Above: Local author Dina Falconi and her recently-published book, Foraging and Feasting: A Field Guide And Wild Food Cookbook, featuring botanical illustrations by Wendy Hollender.
For three decades, Dina Falconi has been living and working on the edge where wellness meets ecological awareness: teaching, creating medicinal tinctures and herbal skin care products, and cooking up a storm. Central to much of her work is the fine art of gathering up the medicines and nutrients and flavors that are there for the taking, and rediscovering the value in indigenous plants oft dissed and dismissed as “weeds.”
Falconi dreamed for years of a really good book that would synthesize the skills of plant identification and kitchen wizardry, teaching people not just what to gather but how to integrate the finds into their everyday lives for delicious good health. She found a kindred spirit and powerful ally in botanical illustrator Wendy Hollender, and the two began creating in 2009.
When Falconi and Hollender established a Kickstarter campaign to cover publishing costs last winter, they aimed low and asked for $25,000, knowing that if the goal wasn’t reached they’d get no money at all, but also aware that they actually needed more like $60,000 to get the book done. The results vindicated Falconi’s belief that the time was right for a comprehensive guide like this: Eager readers pre-purchased nearly 3,000 copies, totaling $115,026 over the 45-day campaign.
Last summer, supporters received their reward: Foraging and Feasting: A Field Guide and Wild Food Cookbook. It’s a gloriously colorful, user-friendly hardback that feels good in your hands and sets your culinary imagination dancing. This month, you can go meet Falconi and Hollender in person, taste some forage-infused yummies, and get a signed copy on two occasions: at Morgan Outdoors in Livingston Manor on Saturday, Nov. 23, or at The Golden Notebook in Woodstock on Saturday, Nov. 30.
The Watershed Post caught up with Falconi in her kitchen, adding wild herbs to her homemade truffles.
Watershed Post: So, the Kickstarter certainly worked out. How’s it going since?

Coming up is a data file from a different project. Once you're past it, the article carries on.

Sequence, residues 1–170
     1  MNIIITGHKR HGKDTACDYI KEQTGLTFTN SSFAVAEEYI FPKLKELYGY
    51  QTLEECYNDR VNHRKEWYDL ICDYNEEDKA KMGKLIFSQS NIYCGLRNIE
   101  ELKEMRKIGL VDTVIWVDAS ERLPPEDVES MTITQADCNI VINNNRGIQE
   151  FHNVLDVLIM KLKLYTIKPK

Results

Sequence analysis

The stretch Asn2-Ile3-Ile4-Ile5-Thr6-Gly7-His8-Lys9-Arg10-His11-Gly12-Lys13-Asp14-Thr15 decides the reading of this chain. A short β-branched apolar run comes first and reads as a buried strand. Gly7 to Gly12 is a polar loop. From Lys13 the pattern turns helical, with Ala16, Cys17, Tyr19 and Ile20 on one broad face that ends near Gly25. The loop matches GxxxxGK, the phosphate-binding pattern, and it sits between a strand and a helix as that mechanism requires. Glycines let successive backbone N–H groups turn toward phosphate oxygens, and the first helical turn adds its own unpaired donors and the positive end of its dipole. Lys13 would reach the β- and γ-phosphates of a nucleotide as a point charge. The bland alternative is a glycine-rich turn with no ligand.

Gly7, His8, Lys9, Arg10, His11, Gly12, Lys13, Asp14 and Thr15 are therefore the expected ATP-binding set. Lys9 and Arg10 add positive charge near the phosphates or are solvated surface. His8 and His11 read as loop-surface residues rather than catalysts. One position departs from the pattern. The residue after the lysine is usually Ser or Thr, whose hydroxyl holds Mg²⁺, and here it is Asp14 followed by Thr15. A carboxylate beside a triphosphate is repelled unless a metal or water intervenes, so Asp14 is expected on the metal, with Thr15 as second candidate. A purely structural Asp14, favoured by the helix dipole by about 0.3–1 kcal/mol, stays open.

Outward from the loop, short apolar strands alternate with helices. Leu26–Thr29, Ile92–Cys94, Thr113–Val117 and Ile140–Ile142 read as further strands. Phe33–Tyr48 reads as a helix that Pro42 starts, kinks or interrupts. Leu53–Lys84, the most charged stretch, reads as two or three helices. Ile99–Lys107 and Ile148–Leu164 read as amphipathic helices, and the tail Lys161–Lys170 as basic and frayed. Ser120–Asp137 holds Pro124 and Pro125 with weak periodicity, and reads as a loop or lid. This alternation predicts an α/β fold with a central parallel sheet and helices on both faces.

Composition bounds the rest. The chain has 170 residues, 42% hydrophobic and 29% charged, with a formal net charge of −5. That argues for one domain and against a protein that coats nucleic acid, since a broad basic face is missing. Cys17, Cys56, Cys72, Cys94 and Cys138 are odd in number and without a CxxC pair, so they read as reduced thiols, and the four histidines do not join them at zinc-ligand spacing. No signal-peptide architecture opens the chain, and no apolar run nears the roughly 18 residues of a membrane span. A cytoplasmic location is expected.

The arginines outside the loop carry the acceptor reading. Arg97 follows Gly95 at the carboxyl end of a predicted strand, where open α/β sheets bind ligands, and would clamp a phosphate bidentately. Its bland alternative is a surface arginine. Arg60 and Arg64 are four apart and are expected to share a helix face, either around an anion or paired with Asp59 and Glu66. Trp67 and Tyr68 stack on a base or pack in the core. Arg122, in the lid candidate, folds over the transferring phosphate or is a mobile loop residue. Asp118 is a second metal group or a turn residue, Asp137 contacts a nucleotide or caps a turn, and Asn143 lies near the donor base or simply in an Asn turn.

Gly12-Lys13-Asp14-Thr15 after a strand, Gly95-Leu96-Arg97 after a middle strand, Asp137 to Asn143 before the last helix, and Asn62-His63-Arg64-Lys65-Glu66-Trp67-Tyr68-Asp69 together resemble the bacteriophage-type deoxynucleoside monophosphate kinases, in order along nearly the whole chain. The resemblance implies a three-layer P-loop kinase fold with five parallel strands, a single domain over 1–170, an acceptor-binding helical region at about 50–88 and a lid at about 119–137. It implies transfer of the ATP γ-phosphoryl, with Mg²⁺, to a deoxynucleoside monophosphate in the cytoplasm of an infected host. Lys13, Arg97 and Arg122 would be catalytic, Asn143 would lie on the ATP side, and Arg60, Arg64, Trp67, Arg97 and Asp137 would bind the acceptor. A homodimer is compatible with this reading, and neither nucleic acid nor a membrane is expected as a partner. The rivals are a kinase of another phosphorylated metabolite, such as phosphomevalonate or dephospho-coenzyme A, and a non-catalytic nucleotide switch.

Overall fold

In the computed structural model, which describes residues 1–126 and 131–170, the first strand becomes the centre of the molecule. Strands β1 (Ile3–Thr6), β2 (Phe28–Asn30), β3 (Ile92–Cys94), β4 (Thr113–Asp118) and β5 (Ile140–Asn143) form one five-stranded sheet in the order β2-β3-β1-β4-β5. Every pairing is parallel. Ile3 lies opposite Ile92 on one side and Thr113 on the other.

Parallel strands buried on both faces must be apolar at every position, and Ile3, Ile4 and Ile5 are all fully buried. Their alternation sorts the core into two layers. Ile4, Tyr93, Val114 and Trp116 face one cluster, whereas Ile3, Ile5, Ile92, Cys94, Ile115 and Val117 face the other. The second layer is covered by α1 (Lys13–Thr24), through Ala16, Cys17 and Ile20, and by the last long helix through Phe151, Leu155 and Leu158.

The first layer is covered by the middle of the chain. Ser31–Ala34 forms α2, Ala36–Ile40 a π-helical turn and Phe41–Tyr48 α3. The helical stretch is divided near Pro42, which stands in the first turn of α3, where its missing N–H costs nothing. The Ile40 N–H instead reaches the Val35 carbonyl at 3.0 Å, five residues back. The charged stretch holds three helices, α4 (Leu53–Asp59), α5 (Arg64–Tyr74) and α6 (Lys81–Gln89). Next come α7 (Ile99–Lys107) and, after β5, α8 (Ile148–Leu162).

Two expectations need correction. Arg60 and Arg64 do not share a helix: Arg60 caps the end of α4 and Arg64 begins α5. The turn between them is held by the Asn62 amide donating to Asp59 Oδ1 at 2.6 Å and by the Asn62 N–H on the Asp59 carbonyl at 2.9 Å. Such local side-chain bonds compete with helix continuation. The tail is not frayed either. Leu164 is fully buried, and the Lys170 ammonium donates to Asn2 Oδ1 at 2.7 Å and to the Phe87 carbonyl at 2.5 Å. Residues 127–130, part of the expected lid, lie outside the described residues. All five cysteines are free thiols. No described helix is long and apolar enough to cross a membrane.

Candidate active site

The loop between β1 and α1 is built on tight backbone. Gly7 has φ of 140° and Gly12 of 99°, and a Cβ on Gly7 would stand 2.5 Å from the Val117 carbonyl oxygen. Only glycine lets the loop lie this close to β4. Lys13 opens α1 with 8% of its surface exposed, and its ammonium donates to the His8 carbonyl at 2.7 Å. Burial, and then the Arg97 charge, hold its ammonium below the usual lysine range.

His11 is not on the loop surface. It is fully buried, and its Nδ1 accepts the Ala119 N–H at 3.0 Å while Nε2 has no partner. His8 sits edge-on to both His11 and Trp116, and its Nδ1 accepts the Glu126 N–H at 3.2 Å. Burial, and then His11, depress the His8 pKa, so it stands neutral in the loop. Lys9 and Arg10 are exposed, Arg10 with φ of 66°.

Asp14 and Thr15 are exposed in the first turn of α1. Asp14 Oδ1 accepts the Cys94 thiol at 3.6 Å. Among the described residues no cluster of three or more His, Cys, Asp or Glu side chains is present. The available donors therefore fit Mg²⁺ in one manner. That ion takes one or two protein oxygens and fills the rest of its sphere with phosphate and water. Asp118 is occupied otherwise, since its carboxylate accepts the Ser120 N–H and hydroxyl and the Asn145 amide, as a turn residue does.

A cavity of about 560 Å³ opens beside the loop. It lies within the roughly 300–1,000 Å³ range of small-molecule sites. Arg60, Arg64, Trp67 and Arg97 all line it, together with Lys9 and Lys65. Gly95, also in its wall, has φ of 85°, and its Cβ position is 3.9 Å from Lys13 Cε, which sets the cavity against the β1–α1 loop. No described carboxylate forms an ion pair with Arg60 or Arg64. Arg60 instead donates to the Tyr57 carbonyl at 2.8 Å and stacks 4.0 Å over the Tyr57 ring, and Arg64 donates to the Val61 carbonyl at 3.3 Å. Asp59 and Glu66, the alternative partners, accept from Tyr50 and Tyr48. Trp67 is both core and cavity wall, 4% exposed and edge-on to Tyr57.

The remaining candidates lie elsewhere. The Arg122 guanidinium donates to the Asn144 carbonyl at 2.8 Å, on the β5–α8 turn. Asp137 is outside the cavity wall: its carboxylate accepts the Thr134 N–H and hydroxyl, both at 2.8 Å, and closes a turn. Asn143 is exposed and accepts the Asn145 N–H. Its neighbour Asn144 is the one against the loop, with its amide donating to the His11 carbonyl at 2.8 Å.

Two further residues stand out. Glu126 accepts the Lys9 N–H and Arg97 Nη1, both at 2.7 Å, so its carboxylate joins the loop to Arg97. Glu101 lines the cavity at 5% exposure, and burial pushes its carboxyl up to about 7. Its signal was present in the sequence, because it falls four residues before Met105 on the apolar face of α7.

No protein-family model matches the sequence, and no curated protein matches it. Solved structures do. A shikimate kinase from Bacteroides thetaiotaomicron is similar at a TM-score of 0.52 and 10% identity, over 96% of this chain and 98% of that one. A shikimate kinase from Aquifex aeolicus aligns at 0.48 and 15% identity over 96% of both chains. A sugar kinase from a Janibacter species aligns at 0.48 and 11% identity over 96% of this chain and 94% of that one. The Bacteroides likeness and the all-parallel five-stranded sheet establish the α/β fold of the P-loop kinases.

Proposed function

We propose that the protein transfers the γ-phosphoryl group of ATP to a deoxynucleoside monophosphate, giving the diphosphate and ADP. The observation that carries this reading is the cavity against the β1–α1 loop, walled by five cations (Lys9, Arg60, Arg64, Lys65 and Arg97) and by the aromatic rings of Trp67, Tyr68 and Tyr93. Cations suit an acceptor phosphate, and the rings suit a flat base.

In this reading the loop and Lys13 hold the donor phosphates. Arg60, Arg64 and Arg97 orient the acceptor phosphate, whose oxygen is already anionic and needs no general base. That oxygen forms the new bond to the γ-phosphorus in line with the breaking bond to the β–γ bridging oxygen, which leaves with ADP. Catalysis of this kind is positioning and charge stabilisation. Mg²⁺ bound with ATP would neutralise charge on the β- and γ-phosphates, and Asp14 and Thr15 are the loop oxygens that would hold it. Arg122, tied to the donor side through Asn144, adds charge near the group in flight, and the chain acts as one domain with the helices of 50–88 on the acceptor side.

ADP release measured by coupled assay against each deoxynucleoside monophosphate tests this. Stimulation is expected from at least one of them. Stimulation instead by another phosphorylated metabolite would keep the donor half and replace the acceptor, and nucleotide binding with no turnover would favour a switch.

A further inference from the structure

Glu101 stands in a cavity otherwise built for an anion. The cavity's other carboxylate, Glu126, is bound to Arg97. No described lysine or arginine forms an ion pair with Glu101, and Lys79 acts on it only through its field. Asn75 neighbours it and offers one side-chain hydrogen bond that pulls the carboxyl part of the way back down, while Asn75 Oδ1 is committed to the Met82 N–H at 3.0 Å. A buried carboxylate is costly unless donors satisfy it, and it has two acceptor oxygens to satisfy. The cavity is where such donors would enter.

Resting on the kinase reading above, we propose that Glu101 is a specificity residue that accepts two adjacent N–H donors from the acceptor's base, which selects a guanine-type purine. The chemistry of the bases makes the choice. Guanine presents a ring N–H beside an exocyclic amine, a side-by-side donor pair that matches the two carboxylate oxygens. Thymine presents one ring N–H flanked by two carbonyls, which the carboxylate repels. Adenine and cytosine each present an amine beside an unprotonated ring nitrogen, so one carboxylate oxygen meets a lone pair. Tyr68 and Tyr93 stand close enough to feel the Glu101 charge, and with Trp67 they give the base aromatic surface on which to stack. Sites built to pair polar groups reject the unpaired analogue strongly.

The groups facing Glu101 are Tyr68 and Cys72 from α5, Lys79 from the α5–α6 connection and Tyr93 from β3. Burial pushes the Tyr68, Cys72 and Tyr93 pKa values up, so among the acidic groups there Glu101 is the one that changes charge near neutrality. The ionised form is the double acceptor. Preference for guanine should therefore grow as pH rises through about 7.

Dina Falconi: Really well. It’s nice to see it being received the way I envisioned and then some. People get why I created this book; being in this world for so many years, I could see what was missing and it fills that niche. Hopefully it becomes a classic. It feels like it has that quality, like it has longevity.
As publishers, we’re handling all our own promotions, and it’s a lot to learn, but we love being at events and direct selling, partnering with bookstores and festivals. We’re one of the things happening at a big splashy opening of a foodie place in Manhattan [Chef Jean-Georges' ABC Kitchen]. We’ve got 40 wholesale accounts, places like Powell’s Books and Rizzoli’s in Manhattan, and we’re in bookstores all over the Hudson Valley. We’re also doing well in gift shops and kitchen places like BlueCashew in Rhinebeck. Our calendar for the next two months is packed. Yeah, it’s exciting!
WP: Anything particularly surprising?
DF: We knew it would appeal to the 21- to 40-year-old eco-foodies. What’s been lovely is seeing how much it appeals to older folks who relate to this as traditional wisdom. It’s so much fun seeing who likes it. Seven-year-olds who grab it and run out looking for the plants that match the pictures. Eighty-year-olds. A woman in her 40s saying she’s buying it for her father-in-law, and then the next one saying she’s buying it for her son. It’s a blast.
We knew the knowledge had value and the presentation would be top-notch. Still, there’s that moment right before pushing that Kickstarter “send” button: Are people gonna like this? Have I been on a fool’s errand? It’s such a heartfelt project, with so much of us in it. I had confidence that we’d be filling a gap, but I’m a perfectionist. In order for the project to serve and speak as I envisioned it, there were a lot of moving parts and pieces to put together...Caring so much made it scary.
Having it well received in serious places like the Adirondack Museum and the Botanical Gardens, that’s helped -- the feeling of adding to and codifying an important heritage and tradition.
Left: Detail from one of Hollender's illustrated pages in Foraging and Feasting.
WP: Why do you think it’s such a hit?
DF: I think it’s the experience of sensual contact- a celebration of the magnetic quality of the plant kingdom and good food. If you don’t get in the way, the plants speak. Wendy’s illustrations do a lot of that, clear and delicious and beautiful.
We have so much fun at events. We bring samples and people get this burst of strong, distinct, poignant flavors that you don’t taste every day -- their expressions are pretty ecstatic, it’s great to watch. After they fall in love is when I explain the nutrition piece. People are falling in love with dandelions and burdocks, buying prints for their walls of things that they used to try to eradicate. We’re pushing the culinary envelope. Pretty subversive, actually.
For more about Foraging and Feasting, visit the book's website, foragingandfeasting.com.
The Making of Foraging and Feasting: talk, book signing, tasting and botanical print exhibition. Morgan Outdoors, 46 Main St. Livingston Manor. Saturday Nov. 23, 4-6 p.m. RSVP: 845-439-5507.
Book signing and tasting: The Golden Notebook, 29 Tinker St., Woodstock. Saturday Nov. 30, 2-4 p.m.
Correction: An earlier draft of this story stated that readers pre-purchased over 4,000 copies of the book. The number is closer to 3,000, Falconi informs us.
Below: Dina Falconi and Wendy Hollender discuss the art of cooking with wild edibles, and the making of Foraging and Feasting, in a YouTube video clip.